by Adrian A. Durlester
We’re back with another school year of apps/software/online resource tips. Last year I recommended SnagIt from Techsmith as one of the best screen capture tools around (it still is and just keeps getting better) and Zondle.com as one of the most useful gamification/multiple choice question sites around.
In that article I neglected to mention that the use of multiple choice questions has its share of detractors, but that the folks at Zondle have put a lot of thought into the structure of their algorithms to address the shortcomings. In addition, Zondle has had problems monetizing, and recently announced they will be moving to an all-paid model. The outcry was large, and in return Zondle promised to try and create a truly inexpensive model. I’m crossing my fingers, because Zondle was really integral to some of my teaching and tutoring last year.
Last year I also mentioned I had starting using ClassDojo. This too, is a service that has drawn its share of criticisms. The critique that it is still a system that utilizes some negative reinforcement just like the old in-class behavior color charts it modernizes is accurate to some extent. So is the critique that it is focused on extrinsic behavior, and seeking the reward of adult approval. Of course, this is a debate that continues to rage in the educational community. Few debate the value of intrinsic reward systems, but some still believe there is a place for extrinsically motivated discipline systems and meaningful consequences, and that a balance is needed between the approaches. Devotees of Class Dojo say it’s all about how you utilize the software. Many teachers only utilize Class Dojo’s affirmative aspects. I use it in almost complete privacy simply as a tool for me to track student behaviors. Class Dojo has a very large, active user community that can be helpful in adapting Class Dojo to the particulars of your class, your school, your preferences, etc. Concerns have also been raised about Class Dojo and FERPA (Federal Educational Rights & Privacy Act.) including an article in the NY Times in November 2014. Class Dojo responded to these concerns soon after.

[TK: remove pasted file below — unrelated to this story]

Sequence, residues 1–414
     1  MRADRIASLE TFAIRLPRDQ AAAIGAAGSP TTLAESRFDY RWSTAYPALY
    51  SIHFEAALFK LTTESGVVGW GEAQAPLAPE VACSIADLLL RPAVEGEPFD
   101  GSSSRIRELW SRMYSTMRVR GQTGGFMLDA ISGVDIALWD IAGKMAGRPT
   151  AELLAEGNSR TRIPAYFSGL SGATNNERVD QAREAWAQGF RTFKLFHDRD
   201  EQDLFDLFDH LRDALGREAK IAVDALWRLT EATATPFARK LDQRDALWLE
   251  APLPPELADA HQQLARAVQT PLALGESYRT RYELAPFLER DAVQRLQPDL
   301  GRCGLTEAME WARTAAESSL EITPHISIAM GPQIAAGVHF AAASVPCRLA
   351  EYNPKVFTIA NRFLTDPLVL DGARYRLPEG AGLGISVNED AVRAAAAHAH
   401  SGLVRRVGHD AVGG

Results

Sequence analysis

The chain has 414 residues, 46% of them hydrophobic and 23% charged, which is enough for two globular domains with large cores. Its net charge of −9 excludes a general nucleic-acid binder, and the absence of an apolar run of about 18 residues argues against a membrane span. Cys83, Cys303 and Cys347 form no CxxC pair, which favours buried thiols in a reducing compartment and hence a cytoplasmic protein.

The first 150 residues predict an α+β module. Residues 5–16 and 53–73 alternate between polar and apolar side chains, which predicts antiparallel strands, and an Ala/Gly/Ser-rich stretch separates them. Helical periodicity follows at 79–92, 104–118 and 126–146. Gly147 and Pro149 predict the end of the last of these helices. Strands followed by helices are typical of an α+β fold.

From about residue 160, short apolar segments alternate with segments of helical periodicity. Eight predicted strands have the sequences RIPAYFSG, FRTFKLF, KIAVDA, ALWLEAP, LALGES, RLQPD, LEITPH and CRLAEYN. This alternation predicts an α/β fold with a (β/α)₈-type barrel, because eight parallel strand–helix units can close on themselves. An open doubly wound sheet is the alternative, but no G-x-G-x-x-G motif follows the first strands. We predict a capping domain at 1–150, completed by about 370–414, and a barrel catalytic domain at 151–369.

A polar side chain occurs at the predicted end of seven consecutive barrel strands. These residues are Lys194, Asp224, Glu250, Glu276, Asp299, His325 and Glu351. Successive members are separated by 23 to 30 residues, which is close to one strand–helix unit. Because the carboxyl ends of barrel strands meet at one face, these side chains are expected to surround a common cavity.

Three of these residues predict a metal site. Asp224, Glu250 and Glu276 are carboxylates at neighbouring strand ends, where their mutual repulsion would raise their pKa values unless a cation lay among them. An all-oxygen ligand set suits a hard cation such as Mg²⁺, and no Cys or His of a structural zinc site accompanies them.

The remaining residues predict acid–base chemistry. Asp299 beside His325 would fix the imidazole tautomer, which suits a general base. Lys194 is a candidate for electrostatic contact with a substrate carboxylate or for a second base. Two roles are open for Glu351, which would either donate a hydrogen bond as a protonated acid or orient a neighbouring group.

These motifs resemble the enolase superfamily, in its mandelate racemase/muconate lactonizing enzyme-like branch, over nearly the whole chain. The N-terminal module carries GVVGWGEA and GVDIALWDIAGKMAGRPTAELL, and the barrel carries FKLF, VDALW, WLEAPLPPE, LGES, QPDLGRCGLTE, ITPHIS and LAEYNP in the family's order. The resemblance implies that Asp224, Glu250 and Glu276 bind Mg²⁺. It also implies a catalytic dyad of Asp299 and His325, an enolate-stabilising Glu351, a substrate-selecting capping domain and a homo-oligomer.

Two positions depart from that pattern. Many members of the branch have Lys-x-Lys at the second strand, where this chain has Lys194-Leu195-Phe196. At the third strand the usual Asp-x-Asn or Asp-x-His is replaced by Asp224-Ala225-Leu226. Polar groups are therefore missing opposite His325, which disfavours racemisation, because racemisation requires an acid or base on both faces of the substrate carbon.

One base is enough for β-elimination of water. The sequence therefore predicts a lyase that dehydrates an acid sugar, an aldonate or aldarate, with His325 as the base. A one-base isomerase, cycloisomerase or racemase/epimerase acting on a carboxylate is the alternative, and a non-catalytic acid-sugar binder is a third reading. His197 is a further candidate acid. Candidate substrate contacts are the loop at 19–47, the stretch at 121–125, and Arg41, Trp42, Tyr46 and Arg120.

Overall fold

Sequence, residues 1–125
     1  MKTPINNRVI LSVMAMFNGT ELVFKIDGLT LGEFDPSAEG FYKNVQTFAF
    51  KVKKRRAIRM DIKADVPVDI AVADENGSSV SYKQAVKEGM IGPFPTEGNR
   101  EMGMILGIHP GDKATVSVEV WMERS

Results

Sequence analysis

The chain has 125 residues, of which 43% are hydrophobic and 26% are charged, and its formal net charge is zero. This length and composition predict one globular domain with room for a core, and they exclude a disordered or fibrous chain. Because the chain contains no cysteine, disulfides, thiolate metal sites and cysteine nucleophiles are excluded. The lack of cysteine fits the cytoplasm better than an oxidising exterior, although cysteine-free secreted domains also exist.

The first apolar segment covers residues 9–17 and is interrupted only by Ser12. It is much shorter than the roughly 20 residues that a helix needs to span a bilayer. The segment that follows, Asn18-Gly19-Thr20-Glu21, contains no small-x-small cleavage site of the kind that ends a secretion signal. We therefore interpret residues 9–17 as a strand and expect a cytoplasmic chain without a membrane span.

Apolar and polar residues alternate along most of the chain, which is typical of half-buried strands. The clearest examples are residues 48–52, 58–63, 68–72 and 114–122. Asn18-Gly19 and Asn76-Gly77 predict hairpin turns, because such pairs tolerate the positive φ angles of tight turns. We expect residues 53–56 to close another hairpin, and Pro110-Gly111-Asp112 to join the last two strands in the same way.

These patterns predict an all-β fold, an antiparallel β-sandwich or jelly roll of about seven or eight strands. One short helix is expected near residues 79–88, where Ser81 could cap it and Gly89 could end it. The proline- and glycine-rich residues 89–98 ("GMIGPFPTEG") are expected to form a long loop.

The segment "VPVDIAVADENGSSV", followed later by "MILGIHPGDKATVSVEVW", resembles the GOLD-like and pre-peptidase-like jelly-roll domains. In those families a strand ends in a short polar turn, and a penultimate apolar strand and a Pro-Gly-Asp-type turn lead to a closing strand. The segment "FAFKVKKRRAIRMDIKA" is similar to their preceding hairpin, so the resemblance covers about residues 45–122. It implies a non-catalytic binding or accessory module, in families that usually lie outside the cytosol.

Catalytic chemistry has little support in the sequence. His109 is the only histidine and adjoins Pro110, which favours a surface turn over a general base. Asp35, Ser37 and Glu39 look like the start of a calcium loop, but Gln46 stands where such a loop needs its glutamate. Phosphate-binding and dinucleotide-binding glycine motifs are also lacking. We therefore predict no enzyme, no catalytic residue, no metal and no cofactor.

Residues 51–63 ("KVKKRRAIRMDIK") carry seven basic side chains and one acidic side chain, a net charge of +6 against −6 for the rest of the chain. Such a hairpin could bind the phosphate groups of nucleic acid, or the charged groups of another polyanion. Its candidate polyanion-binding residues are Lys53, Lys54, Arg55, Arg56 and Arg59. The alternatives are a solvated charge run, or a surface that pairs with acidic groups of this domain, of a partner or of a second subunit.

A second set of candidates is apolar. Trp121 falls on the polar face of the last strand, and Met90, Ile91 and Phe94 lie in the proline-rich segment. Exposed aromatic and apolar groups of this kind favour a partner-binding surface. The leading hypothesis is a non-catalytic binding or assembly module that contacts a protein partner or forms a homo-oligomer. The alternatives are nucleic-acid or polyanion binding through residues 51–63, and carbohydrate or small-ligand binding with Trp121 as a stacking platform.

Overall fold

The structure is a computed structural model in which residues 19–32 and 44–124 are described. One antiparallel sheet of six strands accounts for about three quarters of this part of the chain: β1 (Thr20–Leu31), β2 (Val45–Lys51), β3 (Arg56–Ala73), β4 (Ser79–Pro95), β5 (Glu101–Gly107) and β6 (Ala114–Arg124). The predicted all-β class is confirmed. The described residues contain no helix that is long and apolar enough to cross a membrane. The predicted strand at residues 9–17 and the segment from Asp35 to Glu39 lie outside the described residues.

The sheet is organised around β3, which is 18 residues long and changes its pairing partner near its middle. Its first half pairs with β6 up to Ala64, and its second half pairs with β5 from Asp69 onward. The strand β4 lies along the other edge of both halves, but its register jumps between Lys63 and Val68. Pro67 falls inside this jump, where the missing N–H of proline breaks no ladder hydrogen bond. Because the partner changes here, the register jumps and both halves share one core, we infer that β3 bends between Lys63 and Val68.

Apropos to the Zondle monetizing situation, is my topic for this column. It was an interesting coincidence that this very topic was raised on JedLab just the other day and then commented on by none other than my TAPBB colleague-in-crime Peter Eckstein. He commented on a post of a NYTimes article about “Teachers Pay Teachers” (TPT) entitled “A Sharing Economy Where Teachers Win.” My wise and thoughtful friend Peter Eckstein asked:
“Isn’t this idea antithetical to the JEDLAB ethos? I have no problem with earning a living, but…this bothers me…it’s another step towards commoditizing everything. Call me a commie, but….”
Jedlabber Beth Hamon responded